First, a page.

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Charlotte de Rothschild (soprano);

  Founder: Len Mullenger
Classical Editor: Rob Barnett

Johannes BRAHMS (1833 – 1897)
Violin Concerto in D Major, Op. 77 - (1878)
Ludwig Van BEETHOVEN (1770 – 1827)

Symphony No. 5 in C Minor Op. 67 – (1808)
Kyung Wha Chung (violin)
Vienna Philharmonic Orchestra – Simon Rattle
recorded in the Musikverein,Vienna,1-2/11/00 and 18-20/12/00 - DDD.
EMI CDC5 57165-2 [73.18]

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This disc is a little strange. A live performance of the Beethoven 5th Symphony, coupled with a "Studio performance" of the Brahms Violin Concerto, both recorded in the same venue (the Musikverein). Judging from the notes supplied, this disc would appear to be more to do with the history of the Vienna Philharmonic and its tradition of playing both composers' works in its home city. I would have thought it was much more important to advertise the fact that this is Kyung Wha Chung’s first recording of the Brahms D Major Concerto. For me this is the most significant aspect of the disc.

If we tag along with EMI’s advertising blurb a bit longer however, much is being made of the "special relationship" that the orchestra has with Simon Rattle, and that a complete set of the Beethoven Symphonies is on the way. So why release the current issue?? It would make sense if the present performance was in any way outstanding. In an absolute way I suppose it is not too bad. If however you want to hear what the VPO can really do with Beethoven’s most popular symphony you only need to turn to the DG Originals disc of the same orchestra under Carlos Kleiber. There you will hear a Beethoven 5th which you will never forget – unlike the present offering. Just in case you think that this is a one off, try also Solti’s 5th also with the VPO recorded by Decca in the late 50s, and now released on a "twofer" in harness with Symphonies 3 and 7.

Both of these earlier recordings make Rattle’s 5th sound somewhat tame, although as I have said earlier, the current issue has no serious faults – played and recorded in exemplary fashion in good if not spectacular digital stereo sound.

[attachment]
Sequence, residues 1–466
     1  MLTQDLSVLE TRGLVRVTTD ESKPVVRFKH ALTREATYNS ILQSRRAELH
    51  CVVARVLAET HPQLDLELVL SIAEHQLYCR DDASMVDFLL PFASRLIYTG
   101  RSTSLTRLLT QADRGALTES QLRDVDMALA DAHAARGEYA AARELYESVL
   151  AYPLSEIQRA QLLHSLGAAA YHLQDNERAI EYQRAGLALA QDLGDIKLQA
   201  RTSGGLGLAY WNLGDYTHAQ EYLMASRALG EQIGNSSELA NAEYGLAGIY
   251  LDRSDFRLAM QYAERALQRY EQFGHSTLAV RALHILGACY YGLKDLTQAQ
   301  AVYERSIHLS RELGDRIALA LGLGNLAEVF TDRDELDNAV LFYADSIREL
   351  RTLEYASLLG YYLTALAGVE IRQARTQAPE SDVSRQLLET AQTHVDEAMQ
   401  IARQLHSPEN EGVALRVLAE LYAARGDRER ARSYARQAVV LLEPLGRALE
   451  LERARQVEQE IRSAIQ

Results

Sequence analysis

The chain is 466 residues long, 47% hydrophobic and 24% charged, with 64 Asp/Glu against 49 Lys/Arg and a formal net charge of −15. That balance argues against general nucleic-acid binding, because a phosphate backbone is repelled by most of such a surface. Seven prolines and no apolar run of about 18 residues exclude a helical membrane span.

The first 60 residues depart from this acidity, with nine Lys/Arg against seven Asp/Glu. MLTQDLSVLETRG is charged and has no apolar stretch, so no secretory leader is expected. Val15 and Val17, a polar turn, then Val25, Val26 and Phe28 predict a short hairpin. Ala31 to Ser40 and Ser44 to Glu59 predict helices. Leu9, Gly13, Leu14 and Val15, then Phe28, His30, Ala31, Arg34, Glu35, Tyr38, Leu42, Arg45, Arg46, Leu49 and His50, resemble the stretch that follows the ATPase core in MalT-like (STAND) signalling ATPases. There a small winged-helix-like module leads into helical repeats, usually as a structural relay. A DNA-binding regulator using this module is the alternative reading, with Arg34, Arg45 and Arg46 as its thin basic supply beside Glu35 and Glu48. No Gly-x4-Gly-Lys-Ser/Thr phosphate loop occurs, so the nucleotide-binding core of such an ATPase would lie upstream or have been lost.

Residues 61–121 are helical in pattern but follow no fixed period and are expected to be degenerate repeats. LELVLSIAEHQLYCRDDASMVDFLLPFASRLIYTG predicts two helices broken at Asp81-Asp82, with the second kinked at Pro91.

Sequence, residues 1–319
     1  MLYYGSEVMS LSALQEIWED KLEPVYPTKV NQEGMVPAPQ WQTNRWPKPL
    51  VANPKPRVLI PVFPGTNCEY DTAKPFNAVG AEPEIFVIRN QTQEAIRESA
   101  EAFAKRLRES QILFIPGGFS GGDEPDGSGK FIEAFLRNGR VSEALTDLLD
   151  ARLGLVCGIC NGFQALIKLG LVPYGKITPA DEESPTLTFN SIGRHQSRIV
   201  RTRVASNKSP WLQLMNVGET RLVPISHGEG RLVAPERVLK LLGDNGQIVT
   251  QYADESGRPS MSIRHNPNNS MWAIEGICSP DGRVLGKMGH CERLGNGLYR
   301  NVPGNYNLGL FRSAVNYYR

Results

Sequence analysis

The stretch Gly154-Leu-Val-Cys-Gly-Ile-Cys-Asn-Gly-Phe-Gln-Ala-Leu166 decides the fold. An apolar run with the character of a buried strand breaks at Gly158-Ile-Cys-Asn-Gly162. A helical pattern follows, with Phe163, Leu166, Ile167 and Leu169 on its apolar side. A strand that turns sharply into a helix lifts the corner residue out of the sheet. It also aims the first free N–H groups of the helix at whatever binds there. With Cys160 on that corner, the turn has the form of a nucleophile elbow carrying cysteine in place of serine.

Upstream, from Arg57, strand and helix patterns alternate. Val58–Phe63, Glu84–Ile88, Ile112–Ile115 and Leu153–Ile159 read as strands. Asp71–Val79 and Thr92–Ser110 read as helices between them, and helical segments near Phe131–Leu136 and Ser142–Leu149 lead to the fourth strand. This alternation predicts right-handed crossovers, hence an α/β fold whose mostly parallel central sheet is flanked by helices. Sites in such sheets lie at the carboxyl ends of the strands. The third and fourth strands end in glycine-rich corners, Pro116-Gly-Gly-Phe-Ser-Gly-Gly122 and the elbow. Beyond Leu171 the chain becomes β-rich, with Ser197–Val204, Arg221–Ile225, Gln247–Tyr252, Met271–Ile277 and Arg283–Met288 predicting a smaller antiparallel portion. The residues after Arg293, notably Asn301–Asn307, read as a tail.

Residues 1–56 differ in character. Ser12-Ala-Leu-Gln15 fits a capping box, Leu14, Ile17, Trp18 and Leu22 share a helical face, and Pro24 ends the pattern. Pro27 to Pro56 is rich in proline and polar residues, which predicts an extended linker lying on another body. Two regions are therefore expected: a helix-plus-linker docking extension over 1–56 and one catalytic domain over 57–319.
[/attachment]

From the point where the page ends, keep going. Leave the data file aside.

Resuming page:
Now however, we come to the highlight of the disc – Kyung Wha Chung’s reading of the Brahms Concerto. Her style of playing is well known, and this example is quite consistent with her earlier issues. Immaculate intonation, no extraneous finger noises, no obtrusive wide vibrato, and a character of playing which goes straight to the heart of any work she is playing. In case some may think that this could conjure up an impression of dullness let me say that her playing of this concerto is right up there with other great performances and it has given me much pleasure. How much better this disc would have been served if it had given us another violin concerto with these artists, rather than yet another version of the Beethoven 5th Symphony.

Rattle’s accompaniment is fine, up to a point. After all, here we have one of the major romantic violin concertos. Unfortunately under Rattle’s guidance again it seems a little tame. To show that I am not being too unkind to the current disc, all you need to do is turn to another EMI issue of the Brahms concerto issued simultaneously: Nathan Milstein with the Pittsburgh Symphony Orchestra conducted by William Steinberg. The orchestral backdrop to the Brahms on this disc inhabits quite a different world, and it is unfortunate that we couldn’t have the VPO standard of playing with the atmosphere of Steinberg accompanying Kung Wha Chung. Now, what a disc that would have been.

If, like me you have been waiting for Kyung Wha Chung to record the Brahms concerto go ahead and buy this disc and enjoy the contents. I did very much and if you haven’t heard either of the other VPO recordings of Beethoven’s 5th mentioned above you may well think that this coupling is ideal. EMI should rethink what it is doing with its artists. I am afraid that this disc is a little bit of a lost opportunity.

John Phillips

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